We will back this up by extending the capacity available to treat patients. Patients will have an unrestricted choice of treatment within the health service or from independent providers who cost no more than the NHS. Where treatment in the independent sector is more expensive, we will make a contribution based on the cost of half the equivalent NHS operation. This recognises the tax these patients have already paid towards the NHS and will help to reduce waiting lists. It will give patients the kind of choice in healthcare that today only money can buy, making the independent sector accessible to far more people. This will provide a boost for the independent sector in Scotland and encourage the new independent providers we need to create a modern diverse health service.

This is another area where the SNP are behind the times. They say they are in favour of Diagnostic and Treatment Centres but only if they are in the NHS. If only they would take off the ideological blinkers they would see that it is the independently-run treatment centres in England which have enabled waiting lists and times to be reduced.

In setting out this approach the Conservatives are providing the real debate on health which Scotland needs. Not a phoney battle based on image and soundbites, but a genuine difference in ideas and philosophies. The failure of Jack McConnell is not because of his personality, it is because of his policies.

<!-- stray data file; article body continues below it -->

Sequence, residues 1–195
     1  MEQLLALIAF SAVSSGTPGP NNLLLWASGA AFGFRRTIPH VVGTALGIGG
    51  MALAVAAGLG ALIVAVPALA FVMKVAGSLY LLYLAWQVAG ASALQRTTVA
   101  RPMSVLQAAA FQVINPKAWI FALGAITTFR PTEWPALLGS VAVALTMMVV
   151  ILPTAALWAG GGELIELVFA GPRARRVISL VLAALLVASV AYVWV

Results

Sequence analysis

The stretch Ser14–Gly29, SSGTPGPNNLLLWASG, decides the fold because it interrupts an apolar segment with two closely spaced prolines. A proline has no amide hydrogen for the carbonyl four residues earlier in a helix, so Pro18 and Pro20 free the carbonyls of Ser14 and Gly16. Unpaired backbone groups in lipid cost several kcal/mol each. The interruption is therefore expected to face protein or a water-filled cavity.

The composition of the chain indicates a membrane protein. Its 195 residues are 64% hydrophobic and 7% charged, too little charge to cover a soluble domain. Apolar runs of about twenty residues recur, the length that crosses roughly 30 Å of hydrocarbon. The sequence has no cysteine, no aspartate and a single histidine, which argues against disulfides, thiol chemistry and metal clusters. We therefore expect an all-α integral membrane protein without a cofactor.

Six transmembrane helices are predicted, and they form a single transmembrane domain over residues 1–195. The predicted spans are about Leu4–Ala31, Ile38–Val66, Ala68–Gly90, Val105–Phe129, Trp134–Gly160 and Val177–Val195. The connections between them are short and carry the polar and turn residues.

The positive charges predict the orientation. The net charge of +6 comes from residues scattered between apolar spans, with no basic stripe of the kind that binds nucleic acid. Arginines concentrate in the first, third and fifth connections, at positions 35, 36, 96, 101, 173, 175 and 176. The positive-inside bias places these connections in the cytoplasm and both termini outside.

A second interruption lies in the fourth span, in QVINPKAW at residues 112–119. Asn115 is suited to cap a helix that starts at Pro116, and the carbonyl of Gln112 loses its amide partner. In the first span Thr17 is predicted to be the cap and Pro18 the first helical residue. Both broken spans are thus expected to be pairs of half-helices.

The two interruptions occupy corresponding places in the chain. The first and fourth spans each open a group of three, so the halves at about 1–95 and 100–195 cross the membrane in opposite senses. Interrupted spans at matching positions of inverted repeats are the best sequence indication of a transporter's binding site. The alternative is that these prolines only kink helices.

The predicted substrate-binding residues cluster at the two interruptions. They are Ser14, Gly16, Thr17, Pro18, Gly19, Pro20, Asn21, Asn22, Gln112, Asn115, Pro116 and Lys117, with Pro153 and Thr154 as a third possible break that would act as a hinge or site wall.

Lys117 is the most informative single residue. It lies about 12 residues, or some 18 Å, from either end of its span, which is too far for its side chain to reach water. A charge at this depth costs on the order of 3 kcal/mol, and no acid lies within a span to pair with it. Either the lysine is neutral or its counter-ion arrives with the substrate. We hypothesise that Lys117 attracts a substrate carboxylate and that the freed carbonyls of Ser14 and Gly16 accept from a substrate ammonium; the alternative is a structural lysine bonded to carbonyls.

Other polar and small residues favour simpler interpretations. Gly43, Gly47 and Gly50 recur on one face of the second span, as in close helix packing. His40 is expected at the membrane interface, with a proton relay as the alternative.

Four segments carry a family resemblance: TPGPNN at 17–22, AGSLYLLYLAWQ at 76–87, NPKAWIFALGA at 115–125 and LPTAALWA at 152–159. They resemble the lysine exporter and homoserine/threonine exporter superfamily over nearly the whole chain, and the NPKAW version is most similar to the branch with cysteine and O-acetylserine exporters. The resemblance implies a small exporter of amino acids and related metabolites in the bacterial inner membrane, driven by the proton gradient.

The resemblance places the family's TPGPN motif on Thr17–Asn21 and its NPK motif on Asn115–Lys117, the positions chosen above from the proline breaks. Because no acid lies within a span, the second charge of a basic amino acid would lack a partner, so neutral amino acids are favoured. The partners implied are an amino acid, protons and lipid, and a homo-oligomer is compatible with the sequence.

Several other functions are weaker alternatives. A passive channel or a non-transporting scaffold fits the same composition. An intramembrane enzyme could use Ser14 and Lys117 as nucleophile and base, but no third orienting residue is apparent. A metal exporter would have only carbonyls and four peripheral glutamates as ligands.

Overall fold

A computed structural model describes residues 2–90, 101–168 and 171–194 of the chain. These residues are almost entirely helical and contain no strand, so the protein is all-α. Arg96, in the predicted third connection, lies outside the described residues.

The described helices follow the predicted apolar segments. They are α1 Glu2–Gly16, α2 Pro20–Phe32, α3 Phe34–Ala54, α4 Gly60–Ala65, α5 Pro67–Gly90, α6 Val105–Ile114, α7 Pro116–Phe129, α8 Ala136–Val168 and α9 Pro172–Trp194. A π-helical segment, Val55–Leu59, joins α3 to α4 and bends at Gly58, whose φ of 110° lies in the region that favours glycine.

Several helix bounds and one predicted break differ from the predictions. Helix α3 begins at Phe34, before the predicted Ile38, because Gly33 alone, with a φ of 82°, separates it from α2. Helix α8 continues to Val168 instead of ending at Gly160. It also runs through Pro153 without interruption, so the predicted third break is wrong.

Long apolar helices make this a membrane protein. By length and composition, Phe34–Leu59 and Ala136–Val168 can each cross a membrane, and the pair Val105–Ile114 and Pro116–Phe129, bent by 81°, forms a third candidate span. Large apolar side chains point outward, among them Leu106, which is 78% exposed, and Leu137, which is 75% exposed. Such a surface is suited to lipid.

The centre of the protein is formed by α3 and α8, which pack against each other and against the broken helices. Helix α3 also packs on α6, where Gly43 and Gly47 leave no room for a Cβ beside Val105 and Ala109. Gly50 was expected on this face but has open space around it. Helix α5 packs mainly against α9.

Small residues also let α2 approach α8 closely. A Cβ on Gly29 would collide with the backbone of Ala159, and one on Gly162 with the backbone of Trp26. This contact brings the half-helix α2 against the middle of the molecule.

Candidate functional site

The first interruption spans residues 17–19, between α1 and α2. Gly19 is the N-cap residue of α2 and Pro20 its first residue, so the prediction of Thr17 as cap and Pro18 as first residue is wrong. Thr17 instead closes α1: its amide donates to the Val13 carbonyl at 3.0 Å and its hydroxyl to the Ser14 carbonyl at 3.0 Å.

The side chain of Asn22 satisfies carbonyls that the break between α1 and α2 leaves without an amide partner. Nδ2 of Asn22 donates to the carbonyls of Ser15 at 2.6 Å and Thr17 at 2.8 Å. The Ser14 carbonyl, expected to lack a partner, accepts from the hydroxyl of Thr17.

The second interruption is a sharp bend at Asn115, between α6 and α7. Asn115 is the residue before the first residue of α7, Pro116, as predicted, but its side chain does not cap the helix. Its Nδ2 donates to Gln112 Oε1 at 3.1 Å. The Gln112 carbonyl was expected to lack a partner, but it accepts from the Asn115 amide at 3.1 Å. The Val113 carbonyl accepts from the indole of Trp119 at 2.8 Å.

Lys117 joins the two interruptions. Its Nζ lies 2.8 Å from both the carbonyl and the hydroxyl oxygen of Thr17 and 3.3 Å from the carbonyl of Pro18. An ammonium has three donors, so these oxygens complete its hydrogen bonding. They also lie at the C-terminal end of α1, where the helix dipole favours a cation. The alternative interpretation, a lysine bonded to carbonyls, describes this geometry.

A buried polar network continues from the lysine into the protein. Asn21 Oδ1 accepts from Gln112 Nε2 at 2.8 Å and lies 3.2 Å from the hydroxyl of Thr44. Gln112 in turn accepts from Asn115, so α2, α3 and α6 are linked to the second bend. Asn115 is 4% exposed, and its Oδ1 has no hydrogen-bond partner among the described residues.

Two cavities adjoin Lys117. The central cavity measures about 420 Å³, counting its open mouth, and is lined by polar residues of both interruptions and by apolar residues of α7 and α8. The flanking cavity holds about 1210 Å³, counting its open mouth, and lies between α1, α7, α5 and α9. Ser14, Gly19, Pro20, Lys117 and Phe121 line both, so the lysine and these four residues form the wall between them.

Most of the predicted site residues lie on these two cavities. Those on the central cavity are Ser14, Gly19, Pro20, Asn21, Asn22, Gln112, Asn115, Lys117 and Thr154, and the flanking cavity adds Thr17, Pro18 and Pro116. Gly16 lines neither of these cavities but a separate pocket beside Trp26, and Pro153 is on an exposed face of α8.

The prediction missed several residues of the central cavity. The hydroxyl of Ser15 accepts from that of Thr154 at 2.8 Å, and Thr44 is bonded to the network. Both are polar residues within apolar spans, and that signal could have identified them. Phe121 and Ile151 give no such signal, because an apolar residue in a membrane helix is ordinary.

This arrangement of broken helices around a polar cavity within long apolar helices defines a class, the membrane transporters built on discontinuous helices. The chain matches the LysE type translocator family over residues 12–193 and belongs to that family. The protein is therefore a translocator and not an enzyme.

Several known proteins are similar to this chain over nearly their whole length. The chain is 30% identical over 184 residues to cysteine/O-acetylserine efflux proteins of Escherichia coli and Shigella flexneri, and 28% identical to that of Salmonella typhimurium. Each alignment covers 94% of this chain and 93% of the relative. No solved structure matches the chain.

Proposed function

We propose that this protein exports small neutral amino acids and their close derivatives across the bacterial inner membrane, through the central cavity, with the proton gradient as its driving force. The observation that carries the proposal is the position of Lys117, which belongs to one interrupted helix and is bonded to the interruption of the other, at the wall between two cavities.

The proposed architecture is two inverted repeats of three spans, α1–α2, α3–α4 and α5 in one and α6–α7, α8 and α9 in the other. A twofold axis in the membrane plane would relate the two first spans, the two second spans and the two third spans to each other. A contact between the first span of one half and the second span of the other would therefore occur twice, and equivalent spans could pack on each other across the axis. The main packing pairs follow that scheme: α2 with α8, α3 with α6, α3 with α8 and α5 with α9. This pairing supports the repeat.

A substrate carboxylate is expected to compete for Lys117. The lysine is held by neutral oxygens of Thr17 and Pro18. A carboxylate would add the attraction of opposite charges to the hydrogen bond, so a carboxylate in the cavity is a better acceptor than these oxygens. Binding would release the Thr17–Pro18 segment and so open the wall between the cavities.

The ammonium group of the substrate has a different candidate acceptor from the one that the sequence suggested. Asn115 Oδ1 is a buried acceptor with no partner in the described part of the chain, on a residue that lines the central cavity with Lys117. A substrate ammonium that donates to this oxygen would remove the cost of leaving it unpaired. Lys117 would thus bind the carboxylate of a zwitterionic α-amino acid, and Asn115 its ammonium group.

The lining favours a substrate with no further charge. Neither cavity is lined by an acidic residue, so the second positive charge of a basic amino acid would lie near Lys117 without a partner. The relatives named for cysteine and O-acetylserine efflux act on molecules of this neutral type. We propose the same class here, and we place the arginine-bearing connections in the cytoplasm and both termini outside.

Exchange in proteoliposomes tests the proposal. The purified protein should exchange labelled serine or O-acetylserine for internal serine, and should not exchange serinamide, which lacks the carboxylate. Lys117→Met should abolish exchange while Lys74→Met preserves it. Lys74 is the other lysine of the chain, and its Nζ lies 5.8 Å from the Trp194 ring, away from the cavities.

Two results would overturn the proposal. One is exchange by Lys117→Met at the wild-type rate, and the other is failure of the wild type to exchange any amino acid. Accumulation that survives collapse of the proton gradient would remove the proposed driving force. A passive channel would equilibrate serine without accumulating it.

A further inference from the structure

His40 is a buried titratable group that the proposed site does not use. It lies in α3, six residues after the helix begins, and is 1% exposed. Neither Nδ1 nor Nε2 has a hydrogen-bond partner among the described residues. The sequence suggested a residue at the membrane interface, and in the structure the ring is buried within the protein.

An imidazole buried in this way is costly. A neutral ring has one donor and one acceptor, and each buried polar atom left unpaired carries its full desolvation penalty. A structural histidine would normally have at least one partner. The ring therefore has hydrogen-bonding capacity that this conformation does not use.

The Choice on Education

Labour has also taken Scotland backwards in relation to our schools.

School standards and behaviour in the classroom are closely linked. Bad behaviour is often borne of frustration. Half of Scottish 14 year olds don't meet the government standard for writing and a third don't meet the standard for reading. This makes it hard for them to participate fully in class. We are caught in a vicious circle - bad behaviour undermines standards and poor standards encourage bad behaviour.

Discipline in our schools has deteriorated sharply with attacks on a member of school staff going up from 743 in 1997 to 6,899 now. We are currently in the scandalous situation where there is an attack on a member of school staff every 12 minutes of the school day.